Canter – faster gait legs work in 3 steps (ex.
Left hind, opposite diagonal pair, right front) 5.
Gallop – fastest gait – legs move independently (ex.
Left hind, right hind, left front, right front) 6.
Rack – a gait in which the horse appears to be walking behind and trotting in front. Use illustrative slides (or PowerPoint presentation) to demonstrate the major classifications and sub-classifications of horse breeds. **Powerpoint: Horse Breeds (on http://aged.ces.uga.edu) The following is a list of major horse breeds that students should be familiar with, including major characteristics. A.
Draft – These are large horses that usually stand taller than 16 hands at the withers (1 hand = 4 inches).
These horses are very muscular and large boned, and generally used for work such as pulling heavy loads. 1.
Belgian – characterized by its usual color of chestnut with flaxen mane and tail. 2.
Shire – largest of all draft breeds 3.
Clydesdale – a fairly light draft breed made famous by Budweiser 4.
Percheron – usually black or gray, often crossed with lighter horses to make heavy riding horses. B.
Light horses – This is what most people envision when horse is mentioned.
These are, by far, the most numerous in terms of population and breed.
Light horses are generally used for riding and light carriage work. The following belong in a subclass of regular light horses.
These generally have only 3 gaits: walk, trot, and canter. 1.
Quarter Horse – the most numerous breed in the U.S.
Made famous by cowboys and rodeos.
Characterized by heavily muscled frame and angular face. 2.
Appaloosa – a versatile breed developed by the Nez Percé Indians from Spanish stock.
The breed was nearly wiped out by the U.S.
Calvary during the Indian Wars.
Characterized by various patterns of spots. 3.
Arabian – the most ancient of all purebred light horses.
This breed originated in the deserts of Arabia.
Characterized by a finely chiseled face and light bone.
The Arabian is known for its endurance and density of bone, which makes it a popular cross on many breeds. 4.
American Paint – this is a stock horse type (like Quarter Horses) that is characterized by its loud, splotched markings.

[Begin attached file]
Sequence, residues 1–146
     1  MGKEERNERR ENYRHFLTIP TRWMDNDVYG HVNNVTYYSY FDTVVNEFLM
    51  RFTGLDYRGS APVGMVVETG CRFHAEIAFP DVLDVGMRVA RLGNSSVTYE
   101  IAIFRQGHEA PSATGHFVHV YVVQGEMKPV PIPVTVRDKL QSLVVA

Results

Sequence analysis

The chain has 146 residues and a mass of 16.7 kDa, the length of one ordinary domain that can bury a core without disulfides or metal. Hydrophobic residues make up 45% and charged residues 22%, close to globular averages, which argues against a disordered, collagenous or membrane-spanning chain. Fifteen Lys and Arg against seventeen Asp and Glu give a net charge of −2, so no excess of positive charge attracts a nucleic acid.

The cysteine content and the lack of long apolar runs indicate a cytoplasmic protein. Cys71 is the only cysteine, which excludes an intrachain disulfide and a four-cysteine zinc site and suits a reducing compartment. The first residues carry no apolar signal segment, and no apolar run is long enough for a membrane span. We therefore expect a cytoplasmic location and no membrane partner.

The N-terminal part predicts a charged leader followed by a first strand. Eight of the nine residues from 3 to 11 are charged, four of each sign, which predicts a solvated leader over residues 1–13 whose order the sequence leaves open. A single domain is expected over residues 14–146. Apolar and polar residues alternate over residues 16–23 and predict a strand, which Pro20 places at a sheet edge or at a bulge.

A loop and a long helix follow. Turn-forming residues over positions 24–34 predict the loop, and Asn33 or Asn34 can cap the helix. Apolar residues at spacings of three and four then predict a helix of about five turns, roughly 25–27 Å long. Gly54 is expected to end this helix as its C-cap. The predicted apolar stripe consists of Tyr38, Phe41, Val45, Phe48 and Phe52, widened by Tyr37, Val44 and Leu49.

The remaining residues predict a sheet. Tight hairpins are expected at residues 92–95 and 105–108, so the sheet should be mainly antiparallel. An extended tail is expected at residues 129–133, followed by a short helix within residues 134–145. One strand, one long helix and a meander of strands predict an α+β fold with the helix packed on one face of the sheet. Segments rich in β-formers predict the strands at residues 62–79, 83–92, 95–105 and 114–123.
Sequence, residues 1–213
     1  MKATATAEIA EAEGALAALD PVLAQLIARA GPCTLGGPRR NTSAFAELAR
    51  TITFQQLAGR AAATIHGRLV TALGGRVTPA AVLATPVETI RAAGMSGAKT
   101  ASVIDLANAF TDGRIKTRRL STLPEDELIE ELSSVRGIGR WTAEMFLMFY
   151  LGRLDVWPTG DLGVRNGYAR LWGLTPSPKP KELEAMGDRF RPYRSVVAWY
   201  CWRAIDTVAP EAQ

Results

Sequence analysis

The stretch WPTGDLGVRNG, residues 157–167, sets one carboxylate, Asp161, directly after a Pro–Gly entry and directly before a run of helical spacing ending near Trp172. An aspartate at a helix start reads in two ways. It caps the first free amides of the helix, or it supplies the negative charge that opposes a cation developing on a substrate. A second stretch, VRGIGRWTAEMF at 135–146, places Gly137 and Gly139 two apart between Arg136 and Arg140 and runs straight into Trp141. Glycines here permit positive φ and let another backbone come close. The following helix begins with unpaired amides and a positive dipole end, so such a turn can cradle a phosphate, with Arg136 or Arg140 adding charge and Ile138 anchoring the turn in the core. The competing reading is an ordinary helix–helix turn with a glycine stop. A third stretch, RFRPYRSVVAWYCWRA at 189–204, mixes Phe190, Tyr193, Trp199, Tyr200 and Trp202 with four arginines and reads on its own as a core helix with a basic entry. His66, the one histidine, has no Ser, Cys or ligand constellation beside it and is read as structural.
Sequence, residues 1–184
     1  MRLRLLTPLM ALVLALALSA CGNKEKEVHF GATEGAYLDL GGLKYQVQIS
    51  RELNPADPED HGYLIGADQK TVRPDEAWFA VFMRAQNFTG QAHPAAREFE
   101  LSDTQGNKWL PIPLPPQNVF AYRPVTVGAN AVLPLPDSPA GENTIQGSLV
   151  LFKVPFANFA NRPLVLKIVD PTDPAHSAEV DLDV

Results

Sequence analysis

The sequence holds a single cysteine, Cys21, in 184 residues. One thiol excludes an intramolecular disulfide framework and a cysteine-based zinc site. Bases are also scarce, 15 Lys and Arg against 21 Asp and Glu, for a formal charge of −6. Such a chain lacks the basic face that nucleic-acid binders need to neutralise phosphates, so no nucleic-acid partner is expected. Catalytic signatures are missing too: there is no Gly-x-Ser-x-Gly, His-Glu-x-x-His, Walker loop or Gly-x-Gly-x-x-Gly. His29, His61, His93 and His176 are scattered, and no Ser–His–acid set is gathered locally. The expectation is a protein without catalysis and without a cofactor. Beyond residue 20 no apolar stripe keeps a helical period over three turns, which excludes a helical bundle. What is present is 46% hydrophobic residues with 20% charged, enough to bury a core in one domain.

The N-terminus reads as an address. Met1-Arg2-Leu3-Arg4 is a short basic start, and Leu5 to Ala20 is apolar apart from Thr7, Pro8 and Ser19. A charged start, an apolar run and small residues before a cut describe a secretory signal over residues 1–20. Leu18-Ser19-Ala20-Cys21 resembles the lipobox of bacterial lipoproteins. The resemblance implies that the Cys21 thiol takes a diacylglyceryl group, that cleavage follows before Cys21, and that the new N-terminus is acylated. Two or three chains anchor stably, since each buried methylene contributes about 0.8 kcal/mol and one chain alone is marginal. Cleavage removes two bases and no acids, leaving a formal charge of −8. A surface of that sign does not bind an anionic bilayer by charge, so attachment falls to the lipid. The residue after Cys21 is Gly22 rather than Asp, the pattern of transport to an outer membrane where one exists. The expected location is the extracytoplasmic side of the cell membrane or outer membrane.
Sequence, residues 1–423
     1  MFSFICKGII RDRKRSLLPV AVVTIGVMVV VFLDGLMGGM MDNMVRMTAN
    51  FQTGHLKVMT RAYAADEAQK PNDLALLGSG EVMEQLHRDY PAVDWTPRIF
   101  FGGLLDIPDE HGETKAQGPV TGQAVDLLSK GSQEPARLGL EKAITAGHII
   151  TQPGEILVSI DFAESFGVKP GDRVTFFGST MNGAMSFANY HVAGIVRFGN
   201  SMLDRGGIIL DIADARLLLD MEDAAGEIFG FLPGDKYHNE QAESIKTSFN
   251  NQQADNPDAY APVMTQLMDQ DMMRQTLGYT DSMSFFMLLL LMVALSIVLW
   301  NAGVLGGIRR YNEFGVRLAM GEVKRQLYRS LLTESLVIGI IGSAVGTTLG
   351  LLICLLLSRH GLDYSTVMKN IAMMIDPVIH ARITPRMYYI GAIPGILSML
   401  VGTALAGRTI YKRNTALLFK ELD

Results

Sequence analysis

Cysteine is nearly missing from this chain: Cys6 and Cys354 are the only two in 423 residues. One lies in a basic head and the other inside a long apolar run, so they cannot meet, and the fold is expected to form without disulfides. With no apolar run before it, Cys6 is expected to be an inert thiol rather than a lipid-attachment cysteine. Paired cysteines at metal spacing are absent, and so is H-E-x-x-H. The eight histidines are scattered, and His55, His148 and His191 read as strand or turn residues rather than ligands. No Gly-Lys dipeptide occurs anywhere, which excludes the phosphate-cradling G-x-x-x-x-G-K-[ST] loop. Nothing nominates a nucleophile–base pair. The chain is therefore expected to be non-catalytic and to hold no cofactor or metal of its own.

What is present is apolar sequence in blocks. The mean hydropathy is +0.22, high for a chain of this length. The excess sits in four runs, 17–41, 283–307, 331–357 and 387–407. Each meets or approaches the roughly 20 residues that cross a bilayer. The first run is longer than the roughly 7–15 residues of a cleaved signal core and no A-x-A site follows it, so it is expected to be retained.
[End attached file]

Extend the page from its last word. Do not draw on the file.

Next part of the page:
These markings can be in any color. 5.
Standard bred – this is a light racing horse that is known for its speed at a trot or a pace.
These horses race pulling sulkies. 6.
Thoroughbred – a popular breed originating in Europe.
Thoroughbreds are used in a variety of sports although most commonly associated with racing. 7.
Morgan – An American breed developed in New England.
Characterized by flashy gaits, hardiness, and versatility. The following belong in a subclass of Gaited horses.
Gaited horses are also light riding horses; but in addition to walk, trot and canter, these horses also rack, and do other fancy footwork: 1.
American Saddlebred – this breed is characterized by its flashy movements both front and rear and a very high head carriage. 2.
Tennessee Walking Horse – Developed by plantation owners in the south, the walking horse=s movements are characterized by high steps in the front and long reaching strides in the rear. — Letter to horse associations QUIZ MATCHING 1) A.
Pony ____ 1.
Thoroughbred ____ 2.
Standardbred ____ 3.
Clydesdale ____ 4.
Hackney ____ 5.
Shire ____ 6.
Arabian ____ 7.
Quarter horse ____ 8.
Welsh ____ 9.
Appaloosa ____ 10.
Name the two major racehorse breeds – how do they differ? 3.
Which breed is the most numerous in the U.S.? 4.
Which breed is the most ancient? 5.
Match the name of the gait with the footfall pictured — H.
Tennessee Walker K.
Connemara Pony L.
Quarter horse M.
Shetland Pony P.
Pony of Americas V.
Palomino ANSWERS 1.
Read more about Clydesdale – a fairly light draft breed made famous by Budweiser 4: